It is critical to realize that when someone is anxious, talking at them can increase their anxiety and behaviors. More visual, less verbal is a good rule of thumb. Both home and school could have small white boards available that can be used to write simple and concrete messages to the individual, such as, you are safe no one will hurt you or take slow deep breaths instead of merely talking to the person. The written message is there for them to see as they need it.  Often, teachers and parents can exacerbate an anxious moment by pushing too hard for immediate relaxing of the body or verbal responses from the student. Be quiet, reassuring, nonconfrontational, and calm each time you are needed to support an anxious student. Remember that the individual is not thinking clearly and you will have to become their rational, calm support.  “That means that you might sit near them, not demand any eye contact, be genuine in your caring and reflect that caring in your vocal tone and pace.  Be sure to allow for processing time and when appropriate use a bit of humor to ease the pain (Page, 2009)."

Anxiety and panic are real and a person cannot simply relax or snap out of it on command. The fears encompass the person completely.  They need compassion, patience, reassurance, and true care from family, friends, teachers, therapists, or staff people who are in their lives.  Because someone has ASD does not make the anxiety or panic any less real to them.  For them, due to the impact of their ASD (difficulty understanding abstract ideas or feelings), the anxiety and panic might become greater.  Support people must begin to pay closer attention to the words anxiety, anxious, panic, etc. when they appear in reports or IEPs.  They are not just words.  They indicate real emotions that impact a person completely and can inhibit them from performing even simple tasks.  In fact, the anxiety or panic may be more debilitating than their ASD.  It is up to those who support individuals with ASD to be aware of anxiety and panic struggles and more important learn the best ways to provide the type of support that is truly helpful and allows the person to move through the fears and trust that they are safe and in good hands.

References and Resources

 1.  Anxiety Disorders Association of America (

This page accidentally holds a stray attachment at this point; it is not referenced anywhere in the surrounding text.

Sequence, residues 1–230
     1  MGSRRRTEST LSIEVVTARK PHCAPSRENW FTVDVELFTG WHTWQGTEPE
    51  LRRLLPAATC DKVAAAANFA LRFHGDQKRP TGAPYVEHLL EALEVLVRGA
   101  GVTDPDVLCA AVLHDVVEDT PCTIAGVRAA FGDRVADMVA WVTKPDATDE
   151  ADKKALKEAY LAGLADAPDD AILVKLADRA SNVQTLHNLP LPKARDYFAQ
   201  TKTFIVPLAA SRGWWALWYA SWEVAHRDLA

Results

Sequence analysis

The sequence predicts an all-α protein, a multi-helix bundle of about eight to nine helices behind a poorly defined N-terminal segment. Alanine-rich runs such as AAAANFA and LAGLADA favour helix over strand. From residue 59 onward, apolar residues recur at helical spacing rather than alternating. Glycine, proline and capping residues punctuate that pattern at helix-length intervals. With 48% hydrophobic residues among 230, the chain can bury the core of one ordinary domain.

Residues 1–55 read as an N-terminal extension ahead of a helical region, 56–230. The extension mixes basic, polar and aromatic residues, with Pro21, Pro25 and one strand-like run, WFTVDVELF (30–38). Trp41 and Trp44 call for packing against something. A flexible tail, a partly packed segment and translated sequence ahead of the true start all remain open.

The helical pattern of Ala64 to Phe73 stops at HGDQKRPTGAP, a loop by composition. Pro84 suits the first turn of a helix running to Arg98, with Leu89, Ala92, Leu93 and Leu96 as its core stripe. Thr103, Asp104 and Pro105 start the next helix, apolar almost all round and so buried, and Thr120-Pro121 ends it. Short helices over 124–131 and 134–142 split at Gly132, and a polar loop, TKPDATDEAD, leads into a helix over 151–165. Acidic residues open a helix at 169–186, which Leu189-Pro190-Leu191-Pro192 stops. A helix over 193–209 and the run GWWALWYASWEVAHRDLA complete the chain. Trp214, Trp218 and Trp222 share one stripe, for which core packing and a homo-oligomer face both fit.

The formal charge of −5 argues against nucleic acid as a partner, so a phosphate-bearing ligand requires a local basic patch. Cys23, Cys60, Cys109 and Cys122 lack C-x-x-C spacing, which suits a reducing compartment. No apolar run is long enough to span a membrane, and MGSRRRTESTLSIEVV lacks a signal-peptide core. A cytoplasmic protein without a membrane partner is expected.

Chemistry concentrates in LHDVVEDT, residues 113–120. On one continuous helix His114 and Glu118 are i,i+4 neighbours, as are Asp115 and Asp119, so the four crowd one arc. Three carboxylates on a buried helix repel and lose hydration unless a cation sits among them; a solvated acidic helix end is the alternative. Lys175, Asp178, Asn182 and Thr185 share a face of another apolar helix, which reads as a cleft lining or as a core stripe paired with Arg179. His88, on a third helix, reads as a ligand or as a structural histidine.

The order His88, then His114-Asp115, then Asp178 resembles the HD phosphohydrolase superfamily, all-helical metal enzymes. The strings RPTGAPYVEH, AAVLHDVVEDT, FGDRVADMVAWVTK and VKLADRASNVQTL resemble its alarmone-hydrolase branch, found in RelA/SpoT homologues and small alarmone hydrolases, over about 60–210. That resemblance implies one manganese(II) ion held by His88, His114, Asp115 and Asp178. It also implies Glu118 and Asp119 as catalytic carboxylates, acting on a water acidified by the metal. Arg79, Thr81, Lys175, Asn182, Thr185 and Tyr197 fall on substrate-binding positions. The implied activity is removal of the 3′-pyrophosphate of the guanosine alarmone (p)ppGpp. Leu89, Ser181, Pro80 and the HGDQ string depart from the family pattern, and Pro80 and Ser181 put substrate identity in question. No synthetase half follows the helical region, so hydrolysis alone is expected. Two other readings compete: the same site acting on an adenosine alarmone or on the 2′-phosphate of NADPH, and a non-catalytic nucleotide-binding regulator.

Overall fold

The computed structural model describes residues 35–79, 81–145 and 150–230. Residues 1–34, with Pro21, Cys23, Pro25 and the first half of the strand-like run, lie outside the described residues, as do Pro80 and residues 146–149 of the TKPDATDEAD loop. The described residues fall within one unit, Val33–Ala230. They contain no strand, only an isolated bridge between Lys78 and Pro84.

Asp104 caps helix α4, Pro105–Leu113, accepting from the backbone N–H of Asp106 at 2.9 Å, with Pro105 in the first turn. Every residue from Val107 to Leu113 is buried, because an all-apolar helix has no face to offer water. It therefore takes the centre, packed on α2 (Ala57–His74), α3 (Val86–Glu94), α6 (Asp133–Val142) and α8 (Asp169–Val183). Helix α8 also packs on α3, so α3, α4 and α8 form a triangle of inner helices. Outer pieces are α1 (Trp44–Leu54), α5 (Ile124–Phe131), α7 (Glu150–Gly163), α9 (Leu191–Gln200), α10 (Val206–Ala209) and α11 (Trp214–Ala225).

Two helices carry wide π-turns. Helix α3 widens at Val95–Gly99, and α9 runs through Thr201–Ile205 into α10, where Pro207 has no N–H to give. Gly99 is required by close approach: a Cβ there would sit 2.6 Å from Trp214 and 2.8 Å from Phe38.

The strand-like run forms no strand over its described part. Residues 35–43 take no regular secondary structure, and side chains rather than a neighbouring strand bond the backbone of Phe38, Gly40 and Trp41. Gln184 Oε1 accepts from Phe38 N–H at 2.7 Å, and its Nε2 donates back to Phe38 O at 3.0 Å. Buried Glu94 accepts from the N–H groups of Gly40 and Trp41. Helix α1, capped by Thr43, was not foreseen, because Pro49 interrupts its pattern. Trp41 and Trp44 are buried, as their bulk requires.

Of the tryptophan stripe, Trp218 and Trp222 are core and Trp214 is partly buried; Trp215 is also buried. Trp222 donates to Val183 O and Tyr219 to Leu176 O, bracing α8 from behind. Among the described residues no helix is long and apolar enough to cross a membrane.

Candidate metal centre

2.  Bellini, S. (2004) “Living in fear: Anxiety in adolescents with autism spectrum disorder”. The Reporter, 9 (3), 1-2.

 3.  Edington, Chuck, PhD. “Emotional Regulation and Anxiety Management in Autism” . Presentation at Oklahoma     Autism Network, Autism Toolkit Series: Life 1st!  September 7, 2010. Accessed July, 2011.

 4.  Evans, Rachel. “Autism Anxiety Overload”. November 27, 2006. Accessed July 2011,

 5.  Nauert, Rick. Behaviorial Therapy for Anxiety with Autism., October, 2009. July, 2011

 6.  Nelson, Dave. “Autism and Anxiety”. April 15, 2008.  Accessed June, 2011.

 7.  “Anxiety and Autism” (July 22, 2009). Page, Louise.  Accessed June, 2011.

 8.  “General Anxiety Disorder”.  June, 2011. (reproduced with permission from a range of fact sheets available at

 9.  “Anger & Autism Spectrum Disorders.  2008.  Accessed July, 2011. (Reproduced with permission from a range of fact sheets available at

10,  “Anxiety in Adults with an Autism Spectrum Disorder”. 2010.  Accessed July, 2011.

11.  National Institute for Mental Health website for Anxiety disorders:

12.  “Interview with June Groden”.  (November 1996).  Autism Research Institute.

13.  Panic Attacks and Autism Spectrum Disorder”. (2008). Autism Help.  Accessed June, 2011 ("Reproduced with permission from a range of fact sheets available at").

14.  “Sample Accommodations for Anxious Kids” (2009). The Children’s Center for OCD and Anxiety.  Accessed February 29, 2012.

15.  Stress and Coping in Autism (2006). Edited by M Grace Baron, June Groden, Gerald Groden, & Lewis P. Lipsitt. Oxford University Press, NY. NY.

Additional Resources

Autism Society of America:  (

Kim, Joseph A., Szatmari, P., Bryson, S.E., Streiner, D.L., Wilson, F.J. (June 2000) “The Prevalence of Anxiety and Mood Problems among Children with Autism and Asperger Syndrome”. Autism, vol. 4, 2: pp. 117-132.

Rudy, Lisa Jo. “Mood Disorders and Asperger Syndrome”. Updated July 06, 2008. Accessed June, 2011.
Rudy, Lisa Jo. Autism. “Anxiety and Nightmares”.  Updated December 17, 2010. Accessed June 2011,
“Stress and Autism Spectrum Disorders”. 2008. Accessed June, 2011. ("reproduced with permission from a range of fact sheets available at")